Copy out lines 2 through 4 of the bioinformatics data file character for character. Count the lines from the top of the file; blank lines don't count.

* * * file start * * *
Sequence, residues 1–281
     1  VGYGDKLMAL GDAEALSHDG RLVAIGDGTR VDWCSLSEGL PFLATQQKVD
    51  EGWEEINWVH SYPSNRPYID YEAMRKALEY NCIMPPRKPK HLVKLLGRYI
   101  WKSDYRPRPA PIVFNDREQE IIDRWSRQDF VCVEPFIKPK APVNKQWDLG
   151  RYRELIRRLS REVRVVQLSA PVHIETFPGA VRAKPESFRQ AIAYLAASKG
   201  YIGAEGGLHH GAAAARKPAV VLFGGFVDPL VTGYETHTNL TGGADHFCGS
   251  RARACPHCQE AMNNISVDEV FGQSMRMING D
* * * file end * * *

     1  VGYGDKLMAL GDAEALSHDG RLVAIGDGTR VDWCSLSEGL PFLATQQKVD
    51  EGWEEINWVH SYPSNRPYID YEAMRKALEY NCIMPPRKPK HLVKLLGRYI
   101  WKSDYRPRPA PIVFNDREQE IIDRWSRQDF VCVEPFIKPK APVNKQWDLG